Lydia's Reviews > The Signal

The Signal by Ron Carlson
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Oct 04, 11

Read in October, 2011

The Signal was not what I expected. It’s a novel about a man who has lost everything in his life and wants to fix it, but does not entirely seem to be able. The book is broken into the six days he spends with his ex-wife on a camping trip, but includes flashbacks frequently enough for the reader to understand the motivations and feelings of the main character, Mack. This gives the reader a full understanding of Mack and makes him a rounded character.
Throughout the book, Mack is trying to fix his life and rekindle his relationship with his ex-wife, Vonnie, while also attempting to respect her newfound relationship. Carlson does a really good job going through Mack’s past and explaining, slowly but surely, what happened to Mack, from how he met Vonnie, to when his life went off track, and how he felt trying to get it back together. All this background and explanation gives the reader a clear understanding of the characters, but takes a long time to get through. The action in the book doesn’t start until day four of six. This is when the two of them run into some poachers, almost literally. This is when the pace picks up and the drama really sets in. Before this point, everything is about explaining the past.
The title, the Signal, refers to a job that Mack is doing for a questionable man, Yarnell. Yarnell has lost a valuable piece of equipment in the mountains and has asked Mack to go into the mountains to search for the signal the equipment gives off and ultimately bring the machinery back. I found this title pertinent to the book because Carlson does refer to it through the novel as Mack checks his device to try and find the missing machinery, but it seems to take a backseat for the entire story. Even when Mack is actually at the crash site, digging through broken pieces of equipment and discovers the dead body of his friend, I wasn’t concerned with the signal at all, because at this point the poachers were chasing Mack and he was trying to reach Vonnie. In fact, he may still have been in the mountains with Vonnie even if Yarnell had never contacted Mack. This was a trip that they had taken every year for the past decade. It seemed to me the book could be more aptly named.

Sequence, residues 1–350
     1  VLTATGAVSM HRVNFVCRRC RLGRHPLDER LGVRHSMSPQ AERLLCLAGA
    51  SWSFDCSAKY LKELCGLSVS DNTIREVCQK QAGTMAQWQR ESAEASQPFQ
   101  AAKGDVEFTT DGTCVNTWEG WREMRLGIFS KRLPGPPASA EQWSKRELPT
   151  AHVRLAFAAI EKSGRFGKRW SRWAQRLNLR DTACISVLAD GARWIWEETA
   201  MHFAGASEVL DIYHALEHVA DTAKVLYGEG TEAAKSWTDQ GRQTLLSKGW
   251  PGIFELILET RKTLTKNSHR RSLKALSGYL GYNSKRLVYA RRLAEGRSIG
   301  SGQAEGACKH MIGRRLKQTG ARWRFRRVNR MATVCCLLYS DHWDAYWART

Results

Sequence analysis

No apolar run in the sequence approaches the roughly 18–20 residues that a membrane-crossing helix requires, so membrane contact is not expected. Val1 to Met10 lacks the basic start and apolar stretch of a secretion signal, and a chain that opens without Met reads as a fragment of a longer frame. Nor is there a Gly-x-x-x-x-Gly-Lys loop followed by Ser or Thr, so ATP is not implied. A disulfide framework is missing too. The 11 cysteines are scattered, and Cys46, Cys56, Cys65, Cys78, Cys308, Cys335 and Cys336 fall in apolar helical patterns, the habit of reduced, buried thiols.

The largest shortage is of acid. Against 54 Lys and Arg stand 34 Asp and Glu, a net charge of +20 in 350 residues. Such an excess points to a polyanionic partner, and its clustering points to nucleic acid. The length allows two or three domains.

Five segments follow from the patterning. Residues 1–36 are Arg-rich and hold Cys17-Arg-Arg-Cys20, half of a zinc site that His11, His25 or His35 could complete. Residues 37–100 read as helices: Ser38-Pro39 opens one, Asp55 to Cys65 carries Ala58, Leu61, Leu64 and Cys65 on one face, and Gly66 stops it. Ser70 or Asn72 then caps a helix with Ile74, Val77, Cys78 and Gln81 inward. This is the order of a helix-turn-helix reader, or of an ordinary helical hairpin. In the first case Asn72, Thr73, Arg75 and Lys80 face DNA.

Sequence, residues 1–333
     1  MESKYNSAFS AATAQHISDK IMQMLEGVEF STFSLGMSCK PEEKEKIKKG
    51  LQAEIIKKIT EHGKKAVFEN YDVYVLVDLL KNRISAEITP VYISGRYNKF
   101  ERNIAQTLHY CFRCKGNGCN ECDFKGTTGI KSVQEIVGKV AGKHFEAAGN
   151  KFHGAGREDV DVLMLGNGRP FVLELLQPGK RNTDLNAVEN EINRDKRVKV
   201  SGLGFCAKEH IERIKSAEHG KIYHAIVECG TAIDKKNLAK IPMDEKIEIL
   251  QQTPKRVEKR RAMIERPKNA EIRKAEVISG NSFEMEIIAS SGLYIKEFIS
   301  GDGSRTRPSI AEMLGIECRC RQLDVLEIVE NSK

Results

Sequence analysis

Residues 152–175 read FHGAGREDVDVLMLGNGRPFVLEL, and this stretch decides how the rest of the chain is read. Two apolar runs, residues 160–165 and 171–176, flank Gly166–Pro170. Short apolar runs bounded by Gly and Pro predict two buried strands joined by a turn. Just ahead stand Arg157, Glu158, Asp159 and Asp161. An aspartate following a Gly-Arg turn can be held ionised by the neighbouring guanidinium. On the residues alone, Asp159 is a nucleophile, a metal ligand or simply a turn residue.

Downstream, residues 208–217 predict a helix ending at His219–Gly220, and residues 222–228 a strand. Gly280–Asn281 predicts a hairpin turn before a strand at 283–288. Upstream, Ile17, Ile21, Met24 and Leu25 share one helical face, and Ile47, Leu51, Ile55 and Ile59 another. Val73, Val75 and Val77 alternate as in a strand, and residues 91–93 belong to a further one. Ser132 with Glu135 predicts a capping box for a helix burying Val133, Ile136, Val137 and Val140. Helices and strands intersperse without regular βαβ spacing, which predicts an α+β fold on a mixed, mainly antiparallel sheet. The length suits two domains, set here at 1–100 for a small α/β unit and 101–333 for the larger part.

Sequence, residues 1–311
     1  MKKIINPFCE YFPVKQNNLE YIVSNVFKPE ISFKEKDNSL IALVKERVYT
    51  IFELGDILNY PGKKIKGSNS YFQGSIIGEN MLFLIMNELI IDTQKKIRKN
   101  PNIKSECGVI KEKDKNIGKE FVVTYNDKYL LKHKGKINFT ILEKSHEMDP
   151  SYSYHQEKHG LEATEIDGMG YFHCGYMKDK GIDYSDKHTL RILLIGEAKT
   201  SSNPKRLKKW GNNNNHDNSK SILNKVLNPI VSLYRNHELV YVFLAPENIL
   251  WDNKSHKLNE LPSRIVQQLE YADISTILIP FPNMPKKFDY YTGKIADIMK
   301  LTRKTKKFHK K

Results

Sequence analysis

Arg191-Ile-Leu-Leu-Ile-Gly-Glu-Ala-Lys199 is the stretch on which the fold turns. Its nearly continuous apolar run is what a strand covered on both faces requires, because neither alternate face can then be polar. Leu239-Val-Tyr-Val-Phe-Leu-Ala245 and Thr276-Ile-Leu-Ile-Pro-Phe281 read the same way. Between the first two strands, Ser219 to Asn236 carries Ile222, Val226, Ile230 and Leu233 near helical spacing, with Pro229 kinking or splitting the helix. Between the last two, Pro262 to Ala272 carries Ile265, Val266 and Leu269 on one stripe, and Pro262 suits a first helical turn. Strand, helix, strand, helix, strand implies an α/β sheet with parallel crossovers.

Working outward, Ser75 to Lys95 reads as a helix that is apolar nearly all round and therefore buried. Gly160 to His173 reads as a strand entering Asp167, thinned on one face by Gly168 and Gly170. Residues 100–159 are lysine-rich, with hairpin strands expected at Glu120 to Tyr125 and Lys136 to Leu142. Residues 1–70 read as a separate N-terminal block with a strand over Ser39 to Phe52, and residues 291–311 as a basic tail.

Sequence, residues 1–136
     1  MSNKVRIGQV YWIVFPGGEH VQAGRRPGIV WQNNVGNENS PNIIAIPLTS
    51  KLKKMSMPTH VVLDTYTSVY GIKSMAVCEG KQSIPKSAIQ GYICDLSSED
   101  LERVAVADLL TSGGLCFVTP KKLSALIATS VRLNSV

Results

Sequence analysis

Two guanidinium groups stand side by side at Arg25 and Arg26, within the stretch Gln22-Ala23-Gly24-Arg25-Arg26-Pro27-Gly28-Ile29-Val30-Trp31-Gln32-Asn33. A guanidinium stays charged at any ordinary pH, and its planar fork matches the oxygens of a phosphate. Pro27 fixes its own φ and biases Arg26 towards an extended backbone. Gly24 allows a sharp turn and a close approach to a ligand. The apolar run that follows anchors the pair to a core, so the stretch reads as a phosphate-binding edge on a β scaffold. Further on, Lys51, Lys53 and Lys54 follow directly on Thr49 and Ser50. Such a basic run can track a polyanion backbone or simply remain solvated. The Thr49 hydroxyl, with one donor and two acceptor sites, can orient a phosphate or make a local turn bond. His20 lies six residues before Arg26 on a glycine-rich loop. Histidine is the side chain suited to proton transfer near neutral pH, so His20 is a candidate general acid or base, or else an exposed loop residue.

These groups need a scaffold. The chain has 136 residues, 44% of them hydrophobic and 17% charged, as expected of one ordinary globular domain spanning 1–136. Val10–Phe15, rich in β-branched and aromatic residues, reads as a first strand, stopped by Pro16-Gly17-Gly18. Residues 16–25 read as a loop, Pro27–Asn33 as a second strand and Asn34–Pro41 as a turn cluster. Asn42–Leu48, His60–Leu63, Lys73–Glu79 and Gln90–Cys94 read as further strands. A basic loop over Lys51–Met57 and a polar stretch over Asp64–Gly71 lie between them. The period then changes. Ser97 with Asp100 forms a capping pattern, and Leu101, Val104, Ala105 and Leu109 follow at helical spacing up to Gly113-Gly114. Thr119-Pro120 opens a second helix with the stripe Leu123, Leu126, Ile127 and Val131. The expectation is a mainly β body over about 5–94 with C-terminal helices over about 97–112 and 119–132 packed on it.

The first half of the novel, and to some extent that second half as well, is extremely depressing. Everything that Mack said or did made me sad; he is going through a difficult time in his life, having just quit being an alcoholic and getting out of the drug game. This made even his happy memories sad, especially after the reader learns how close he was to his father and how distraught he was when his father died. The first two days I spent reading this book, I lived semi-comatose, wandering my apartment and campus feeling depressed about events that never happened to me and a character that never existed. This shows great ability on the author’s part because inciting emotion in the reader is a sign of a well written piece, but that fact did not make me any happier about my predicament.
Overall, my opinion of the book is a positive one. I felt that it was slow to begin but contained an interesting and realistic story that really picked up in the last third of the book.
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